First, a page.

Webview stopped showing some webcontent on mobile this morning

swinmoutlet.com blocks embedding via their server security policy. This is the error I see in the console:

I don’t know what else to say… Many websites do not allow themselves to be embedded for security reasons (so other people cannot impersonate their website and steal their users’ information).

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It would great if Glide could detect the error/blank page and force it to open outside the app in the user’s browser. This way, if a site works today, but not tomorrow, the app still functions without any intervention by a developer, and very little impact to users.

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@david I’m working with the site admin to get permission to do this. What exactly do I ask him to change to allow this to work? Don’t know the technical request to give him. Thank you.

@ThinhDinh

Agree, it’s predominantly security issues with external sites that causes the issue, not glide.

Just because a link previously worked in glide does not mean that it will 100% work all the time that’s not a flaw of glide it’s just the way of the world.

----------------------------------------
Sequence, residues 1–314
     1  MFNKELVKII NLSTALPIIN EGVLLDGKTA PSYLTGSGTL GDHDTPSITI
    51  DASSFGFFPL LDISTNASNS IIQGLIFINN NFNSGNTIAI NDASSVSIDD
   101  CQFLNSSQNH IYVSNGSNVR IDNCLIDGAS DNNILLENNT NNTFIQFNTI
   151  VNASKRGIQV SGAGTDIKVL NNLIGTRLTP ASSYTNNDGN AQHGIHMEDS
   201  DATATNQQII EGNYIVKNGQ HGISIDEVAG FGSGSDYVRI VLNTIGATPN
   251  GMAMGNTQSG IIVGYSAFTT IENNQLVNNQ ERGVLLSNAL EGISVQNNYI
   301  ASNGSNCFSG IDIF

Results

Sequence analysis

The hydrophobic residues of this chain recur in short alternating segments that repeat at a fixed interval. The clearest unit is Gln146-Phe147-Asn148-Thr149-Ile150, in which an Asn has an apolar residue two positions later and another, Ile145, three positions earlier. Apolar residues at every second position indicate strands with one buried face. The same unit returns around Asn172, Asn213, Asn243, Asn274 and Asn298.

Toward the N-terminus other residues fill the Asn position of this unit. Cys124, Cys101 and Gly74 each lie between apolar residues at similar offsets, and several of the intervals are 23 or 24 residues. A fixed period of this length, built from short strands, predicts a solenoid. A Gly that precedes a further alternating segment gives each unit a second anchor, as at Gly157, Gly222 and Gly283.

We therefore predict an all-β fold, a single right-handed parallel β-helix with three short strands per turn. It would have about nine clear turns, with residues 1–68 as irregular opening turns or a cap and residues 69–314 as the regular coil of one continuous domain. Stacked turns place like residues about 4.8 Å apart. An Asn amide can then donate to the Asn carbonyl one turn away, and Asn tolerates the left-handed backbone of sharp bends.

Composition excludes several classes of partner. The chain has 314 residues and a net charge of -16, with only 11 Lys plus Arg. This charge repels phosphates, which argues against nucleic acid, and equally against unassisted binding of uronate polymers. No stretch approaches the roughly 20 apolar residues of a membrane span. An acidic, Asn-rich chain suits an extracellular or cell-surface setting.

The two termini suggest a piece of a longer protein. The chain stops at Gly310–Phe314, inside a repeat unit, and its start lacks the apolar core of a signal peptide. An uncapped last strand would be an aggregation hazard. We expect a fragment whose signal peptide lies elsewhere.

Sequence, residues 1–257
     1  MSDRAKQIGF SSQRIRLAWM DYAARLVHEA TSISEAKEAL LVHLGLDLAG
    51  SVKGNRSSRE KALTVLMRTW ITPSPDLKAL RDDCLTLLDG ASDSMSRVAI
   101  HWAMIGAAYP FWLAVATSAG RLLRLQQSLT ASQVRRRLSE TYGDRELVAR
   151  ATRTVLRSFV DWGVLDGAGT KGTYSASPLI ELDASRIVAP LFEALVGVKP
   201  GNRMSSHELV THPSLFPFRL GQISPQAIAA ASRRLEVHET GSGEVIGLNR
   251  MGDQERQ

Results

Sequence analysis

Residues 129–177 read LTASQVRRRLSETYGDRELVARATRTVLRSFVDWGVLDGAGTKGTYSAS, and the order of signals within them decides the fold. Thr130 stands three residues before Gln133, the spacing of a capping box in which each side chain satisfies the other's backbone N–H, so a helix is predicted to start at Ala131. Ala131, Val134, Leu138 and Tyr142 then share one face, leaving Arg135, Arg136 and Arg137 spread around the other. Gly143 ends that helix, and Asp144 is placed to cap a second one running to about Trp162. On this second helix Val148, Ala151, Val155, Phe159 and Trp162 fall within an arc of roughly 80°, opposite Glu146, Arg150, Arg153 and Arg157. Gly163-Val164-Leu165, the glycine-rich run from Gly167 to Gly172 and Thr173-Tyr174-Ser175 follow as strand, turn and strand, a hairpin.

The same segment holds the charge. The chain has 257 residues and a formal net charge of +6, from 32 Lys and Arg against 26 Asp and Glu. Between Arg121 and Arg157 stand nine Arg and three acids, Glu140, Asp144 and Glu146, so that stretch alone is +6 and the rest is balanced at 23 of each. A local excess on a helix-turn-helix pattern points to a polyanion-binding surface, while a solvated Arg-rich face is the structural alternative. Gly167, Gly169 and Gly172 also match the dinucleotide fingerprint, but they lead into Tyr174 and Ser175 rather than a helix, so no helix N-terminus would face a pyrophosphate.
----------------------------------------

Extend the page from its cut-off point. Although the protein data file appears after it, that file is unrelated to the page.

Glide cannot control external factors so this always needs to be considered as a ‘risk’ when designing apps and the dependability on 3rd party sites.

I’m sure this subject will continue to come up time and time again.

:wink:

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@glide_user this is a very low-level server feature, likely controlled by the platform the site is built on.

Webflow, for example, blocks embedding of any site built on Webflow. I believe you can turn off ‘Secure Frame Headers’ on their paid plan.

Better yet, some of these platforms let you specify which domains are allowed to embed your site.

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Same-Origin Policy (SOP) restricts how a document or script loaded from one origin can interact with a resource from another origin. For example, when Site X tries to fetch content from Site Y in a frame, by default, Site Y’s pages are not accessible due to security reasons, it would be a huge security flaw if you could do it.

How to solve?

The window.postMessage() method provides a controlled mechanism to securely circumvent this restriction. The window.postMessage() safely enables cross-origin communication between Window objects; e.g: between a page and an iframe embedded within it.

const frame = document.getElementById('your-frame-id');
frame.contentWindow.postMessage(/*any variable or object here*/, 'http://your-second-site.com');

The window.postMessage is available to JavaScript running in chrome code (e.g., in extensions and privileged code), but the source property of the dispatched event is always null as a security restriction. (The other properties have their expected values.)

Closing due to inactivity. This topic will be deleted in a few weeks if there are no more comments.